Background: Age is a well-known risk factor for postoperative death in patients with abdominal aortic aneurysms (AAA), and the efficacy of open aneurysm repair (OAR) and endovascular aneurysm repair (EVAR) remains controversial in the elderly population. The aim of this study was to determine the predictors of 30-d mortality after AAA repair in elderly population.
Methods: Using the National Surgical Quality Improvement Program vascular-targeted database (2011-2014), we identified all patients aged >70 y who underwent OAR and EVAR for nonruptured AAA. Univariate and multivariable logistic regression analyses were implemented to examine postoperative mortality adjusting for patient demographics and characteristics.
Results: A total of 4229 nonruptured AAA repairs were performed (OAR: 360 [8.5%] versus EVAR: 3869 [91.5%]). Most patients were males (79 %) and White (81%) with a mean age of 78 ± 6 y. Obesity was more prevalent in EVAR group (31% versus 24%, P = 0.008). Whereas, smoking was more likely to be seen in patients undergoing an OAR (35% versus 22%, P < 0.001). The 30-d mortality was significantly higher after OAR versus EVAR (8% versus 2%, P < 0.001). After adjusting, OAR was associated with almost five times higher mortality than EVAR (adjusted odds ratio: 4.88; 2.85-8.34, P < 0.001).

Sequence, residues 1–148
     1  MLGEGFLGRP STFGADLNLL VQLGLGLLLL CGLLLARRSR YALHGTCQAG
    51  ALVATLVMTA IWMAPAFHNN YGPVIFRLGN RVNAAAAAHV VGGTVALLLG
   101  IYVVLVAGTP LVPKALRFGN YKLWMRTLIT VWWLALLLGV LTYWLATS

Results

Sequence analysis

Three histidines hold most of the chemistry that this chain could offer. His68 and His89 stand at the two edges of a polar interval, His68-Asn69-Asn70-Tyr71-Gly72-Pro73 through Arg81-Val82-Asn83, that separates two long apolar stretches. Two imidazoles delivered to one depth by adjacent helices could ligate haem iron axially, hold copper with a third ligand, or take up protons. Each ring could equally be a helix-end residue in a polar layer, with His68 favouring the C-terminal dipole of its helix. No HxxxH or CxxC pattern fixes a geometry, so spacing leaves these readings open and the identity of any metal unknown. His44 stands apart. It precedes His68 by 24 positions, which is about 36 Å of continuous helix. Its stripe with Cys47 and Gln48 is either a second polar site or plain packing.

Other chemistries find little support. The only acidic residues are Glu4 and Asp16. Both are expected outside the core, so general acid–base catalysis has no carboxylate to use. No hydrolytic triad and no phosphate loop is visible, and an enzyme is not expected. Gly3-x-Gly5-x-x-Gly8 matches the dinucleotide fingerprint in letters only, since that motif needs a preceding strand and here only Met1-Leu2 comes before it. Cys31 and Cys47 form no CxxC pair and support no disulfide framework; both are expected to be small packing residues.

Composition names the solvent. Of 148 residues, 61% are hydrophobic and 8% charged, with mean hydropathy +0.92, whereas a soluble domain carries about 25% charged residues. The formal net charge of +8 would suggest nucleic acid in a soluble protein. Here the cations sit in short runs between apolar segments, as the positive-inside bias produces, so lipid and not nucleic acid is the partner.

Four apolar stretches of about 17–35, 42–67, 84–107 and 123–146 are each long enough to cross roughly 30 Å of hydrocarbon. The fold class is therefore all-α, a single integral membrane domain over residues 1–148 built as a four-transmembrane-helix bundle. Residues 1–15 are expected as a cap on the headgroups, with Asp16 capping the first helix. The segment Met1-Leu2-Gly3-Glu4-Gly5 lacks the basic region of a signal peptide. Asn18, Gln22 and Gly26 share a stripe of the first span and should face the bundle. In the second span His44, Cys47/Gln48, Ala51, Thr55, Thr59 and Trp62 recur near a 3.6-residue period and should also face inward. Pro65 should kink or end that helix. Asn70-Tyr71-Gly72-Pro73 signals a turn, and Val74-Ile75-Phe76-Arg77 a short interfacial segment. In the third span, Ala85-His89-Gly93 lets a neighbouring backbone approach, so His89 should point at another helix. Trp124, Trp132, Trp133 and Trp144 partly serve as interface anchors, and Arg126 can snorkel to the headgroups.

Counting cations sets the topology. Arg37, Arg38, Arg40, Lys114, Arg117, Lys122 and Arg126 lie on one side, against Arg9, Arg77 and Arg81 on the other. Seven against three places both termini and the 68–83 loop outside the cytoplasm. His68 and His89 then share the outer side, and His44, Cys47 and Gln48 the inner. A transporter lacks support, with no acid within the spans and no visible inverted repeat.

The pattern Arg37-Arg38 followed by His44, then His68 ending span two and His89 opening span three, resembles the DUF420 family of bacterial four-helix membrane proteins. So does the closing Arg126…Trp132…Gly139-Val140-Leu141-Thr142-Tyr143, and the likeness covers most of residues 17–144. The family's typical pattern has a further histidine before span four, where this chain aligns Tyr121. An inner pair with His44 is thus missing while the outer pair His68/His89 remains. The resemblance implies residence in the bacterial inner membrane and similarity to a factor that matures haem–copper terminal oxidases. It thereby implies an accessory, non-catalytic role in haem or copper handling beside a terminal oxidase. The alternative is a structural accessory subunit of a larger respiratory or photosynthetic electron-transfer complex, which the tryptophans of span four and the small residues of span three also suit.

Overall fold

Conclusions: This study reflects contemporary real world outcomes of nonruptured AAA repair in the elderly. Open repair was associated with almost fivefold increase in mortality compared with endovascular repair. Elderly patients who are functionally dependent are less likely to benefit from AAA repair, whether OAR or EVAR. Further prospective studies are required to better understand the predictors of mortality after AAA repair in the geriatric population which could guide decision-making and improve outcomes in this population.
Keywords: Abdominal aortic aneurysm; Mortality; NSQIP; Nonruptured aneurysm; Open versus endovascular repair; Vascular surgery.
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